When the officer approaches your car and asks you for your identification, i.e., you must produce it or you will be guilty of obstructing official business. FALSE. Under Ohio law, the mere refusal by an individual to produce a driver's license at the request of a police officer, or to answer questions, does not amount to obstructing official business. An individual must commit an affirmative act, i.e., turning up the stereo so loud that the officer can't hear anything other than the music, in order to commit such an offense.
When a police officer requests you to perform field sobriety tests, you must comply. FALSE. Again, as in the answer to No. 1, there is no obligation of a motorist to step outside of his vehicle and give the officer evidence to convict him. Refusing to perform field sobriety tests is not obstruction of official business. Rather, it may be one of the smartest things to do, especially if you feel you may have had one too many at the local bar.
If I tell the officer I only had one or two beers, he is more likely to believe me and let me go than if I tell him I had 6 or 7. FALSE. Police officers have heard "I only had two drinks" or "I had one beer" so many times that they assume you are probably lying to them. If you are going to lie to the officer, why would you tell him that you had anything to drink? Moreover, the officer may think you had two 24 oz drafts just one hour ago, and therefore you are probably over the limit. The more information you give him, the more potential evidence the State has to use against you at trial. So, to avoid lying to the officer, you are probably better off saying nothing for the reasons stated above.
If I do well on the field sobriety tests, he will let me go. FALSE. First, your definition of well and the officer's definition are probably not one and the same. You are at a clear disadvantage. You don't know how well you will do on the tests even if you feel you are fine. In my experience, I have yet to see a situation where my client did great on field sobriety tests and the officer let him go. The officer will inevitably tell you that you didn't do well. You will be arrested. So, should you do the field sobriety tests???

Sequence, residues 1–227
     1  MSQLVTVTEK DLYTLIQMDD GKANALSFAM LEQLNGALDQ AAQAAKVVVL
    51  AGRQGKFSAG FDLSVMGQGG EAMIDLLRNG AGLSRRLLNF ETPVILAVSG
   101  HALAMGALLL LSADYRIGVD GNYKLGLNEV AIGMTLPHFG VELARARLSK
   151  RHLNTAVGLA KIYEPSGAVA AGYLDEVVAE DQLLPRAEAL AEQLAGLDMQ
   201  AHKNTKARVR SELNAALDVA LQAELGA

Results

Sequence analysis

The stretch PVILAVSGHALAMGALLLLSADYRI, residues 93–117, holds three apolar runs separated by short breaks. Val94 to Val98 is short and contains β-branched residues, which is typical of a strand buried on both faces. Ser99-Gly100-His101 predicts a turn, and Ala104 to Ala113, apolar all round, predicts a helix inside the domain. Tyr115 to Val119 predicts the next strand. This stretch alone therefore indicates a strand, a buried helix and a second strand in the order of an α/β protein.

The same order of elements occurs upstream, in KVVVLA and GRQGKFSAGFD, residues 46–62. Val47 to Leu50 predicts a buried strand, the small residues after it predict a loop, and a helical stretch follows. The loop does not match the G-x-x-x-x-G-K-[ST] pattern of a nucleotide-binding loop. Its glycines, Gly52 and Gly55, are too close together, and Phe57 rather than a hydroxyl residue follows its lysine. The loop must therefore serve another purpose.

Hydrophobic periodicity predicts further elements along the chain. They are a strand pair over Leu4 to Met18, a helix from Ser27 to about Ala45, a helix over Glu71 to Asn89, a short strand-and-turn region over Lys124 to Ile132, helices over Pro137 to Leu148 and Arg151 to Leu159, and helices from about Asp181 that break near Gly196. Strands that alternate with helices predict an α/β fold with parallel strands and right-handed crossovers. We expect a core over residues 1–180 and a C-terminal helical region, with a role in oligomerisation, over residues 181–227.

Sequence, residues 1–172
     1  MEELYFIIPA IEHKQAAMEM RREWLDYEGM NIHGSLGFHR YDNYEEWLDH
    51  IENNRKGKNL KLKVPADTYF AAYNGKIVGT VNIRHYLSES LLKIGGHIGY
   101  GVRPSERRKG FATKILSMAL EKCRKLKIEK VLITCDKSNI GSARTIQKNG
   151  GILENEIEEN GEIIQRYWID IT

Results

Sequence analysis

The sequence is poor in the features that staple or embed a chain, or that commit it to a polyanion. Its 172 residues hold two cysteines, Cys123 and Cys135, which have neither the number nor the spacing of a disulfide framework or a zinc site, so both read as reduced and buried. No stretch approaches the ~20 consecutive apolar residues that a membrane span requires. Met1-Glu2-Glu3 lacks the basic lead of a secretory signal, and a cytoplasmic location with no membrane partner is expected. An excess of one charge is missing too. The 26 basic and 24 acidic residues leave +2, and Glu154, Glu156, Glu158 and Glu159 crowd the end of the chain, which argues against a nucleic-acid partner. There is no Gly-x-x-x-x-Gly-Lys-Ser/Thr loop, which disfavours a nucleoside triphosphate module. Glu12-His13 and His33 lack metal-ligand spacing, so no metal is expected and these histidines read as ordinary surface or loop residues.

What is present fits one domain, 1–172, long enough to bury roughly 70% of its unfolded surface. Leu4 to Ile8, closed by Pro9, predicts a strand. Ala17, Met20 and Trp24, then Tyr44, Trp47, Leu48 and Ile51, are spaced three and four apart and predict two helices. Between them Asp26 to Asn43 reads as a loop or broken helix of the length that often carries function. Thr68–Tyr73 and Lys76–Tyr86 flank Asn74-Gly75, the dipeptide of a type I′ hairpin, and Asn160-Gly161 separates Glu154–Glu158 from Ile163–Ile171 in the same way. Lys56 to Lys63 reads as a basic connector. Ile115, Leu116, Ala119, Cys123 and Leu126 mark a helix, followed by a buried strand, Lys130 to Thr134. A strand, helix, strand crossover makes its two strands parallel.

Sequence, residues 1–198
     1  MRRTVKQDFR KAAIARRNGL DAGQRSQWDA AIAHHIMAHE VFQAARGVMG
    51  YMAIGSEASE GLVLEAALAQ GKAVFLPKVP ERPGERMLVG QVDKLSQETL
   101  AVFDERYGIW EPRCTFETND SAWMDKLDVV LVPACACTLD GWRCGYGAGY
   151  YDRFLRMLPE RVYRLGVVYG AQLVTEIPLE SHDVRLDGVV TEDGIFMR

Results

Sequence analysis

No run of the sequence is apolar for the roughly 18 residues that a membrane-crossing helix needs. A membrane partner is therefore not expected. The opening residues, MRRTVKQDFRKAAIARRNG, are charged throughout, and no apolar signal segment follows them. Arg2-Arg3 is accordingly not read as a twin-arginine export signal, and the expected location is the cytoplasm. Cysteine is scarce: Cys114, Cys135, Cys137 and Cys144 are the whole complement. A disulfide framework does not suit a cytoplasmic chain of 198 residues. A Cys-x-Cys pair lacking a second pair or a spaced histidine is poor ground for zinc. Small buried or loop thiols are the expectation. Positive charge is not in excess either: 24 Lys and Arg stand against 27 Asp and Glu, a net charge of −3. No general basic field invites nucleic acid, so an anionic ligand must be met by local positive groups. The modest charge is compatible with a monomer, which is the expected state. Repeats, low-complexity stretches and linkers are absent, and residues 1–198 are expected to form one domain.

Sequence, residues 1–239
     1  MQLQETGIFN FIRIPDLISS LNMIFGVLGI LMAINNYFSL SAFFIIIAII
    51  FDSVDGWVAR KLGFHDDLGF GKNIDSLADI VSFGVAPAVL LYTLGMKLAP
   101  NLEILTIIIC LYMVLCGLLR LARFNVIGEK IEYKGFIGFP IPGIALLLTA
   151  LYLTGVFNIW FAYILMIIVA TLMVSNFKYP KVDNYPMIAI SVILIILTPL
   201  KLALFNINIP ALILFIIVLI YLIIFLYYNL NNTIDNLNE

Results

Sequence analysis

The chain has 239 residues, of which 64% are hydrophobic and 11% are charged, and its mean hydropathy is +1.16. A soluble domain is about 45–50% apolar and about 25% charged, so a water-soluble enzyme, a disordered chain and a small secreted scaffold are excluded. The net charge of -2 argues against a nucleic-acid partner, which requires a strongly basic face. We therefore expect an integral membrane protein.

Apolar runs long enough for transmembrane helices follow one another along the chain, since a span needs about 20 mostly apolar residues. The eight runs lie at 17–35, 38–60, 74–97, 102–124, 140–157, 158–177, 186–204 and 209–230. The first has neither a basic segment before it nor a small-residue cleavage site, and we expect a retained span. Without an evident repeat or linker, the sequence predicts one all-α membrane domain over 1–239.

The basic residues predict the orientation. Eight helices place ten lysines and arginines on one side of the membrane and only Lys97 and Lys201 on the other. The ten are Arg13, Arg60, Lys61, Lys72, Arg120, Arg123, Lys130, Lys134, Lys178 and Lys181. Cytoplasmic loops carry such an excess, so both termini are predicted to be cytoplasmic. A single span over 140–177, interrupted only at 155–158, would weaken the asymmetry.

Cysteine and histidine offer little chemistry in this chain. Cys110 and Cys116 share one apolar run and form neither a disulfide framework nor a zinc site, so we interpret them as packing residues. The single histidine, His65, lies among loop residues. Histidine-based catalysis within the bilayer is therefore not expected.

If he arrests me, I am better off testing because if I don't, I will lose mylicense for a year. PARTIALLY TRUE BUT MISLEADING.* You will lose your license for 1 year if you don't blow. But you may also seal your fate and be convicted of OVI by giving the State convincing evidence of your intoxication. Further, you may win an ALS appeal of the suspension of your license if the officer didn't have reasonable grounds to believe your were operating a vehicle under the influence of alcohol or if he failed to properly advise you of the consequences of testing or refusing to test. You may also obtain driving privileges even though your license is suspended for a year. *On a first offense in six years, it is 1 year. If it is a second refusal in 6 yrs, then it is 2 years.
If I'm operating my ATV on my private property and I'm intoxicated, I can't be convicted of OVI. FALSE. Under Ohio law, you can be convicted anywhere in Ohio, on public or private property, for operating a vehicle under the influence of alcohol.
If I'm riding my bicycle under the influence of alcohol, I can't be charged with OVI. FALSE. Unfortunately, bicycle is still included in the definition of "vehicle" in the Ohio Revised Code. However, you cannot be convicted of OVI for riding a horse while under the influence of alcohol. Other types of vehicles that you can be convicted for OVI: snowmobiles, farm tractors, golf carts.
Law Offices of David C. Sheldon is located in Medina, Ohio and serves clients in and around Medina, Chippewa Lake, Wadsworth, Sharon Center, Westfield Center, Brunswick, Seville, Lodi, Valley City and Medina County.
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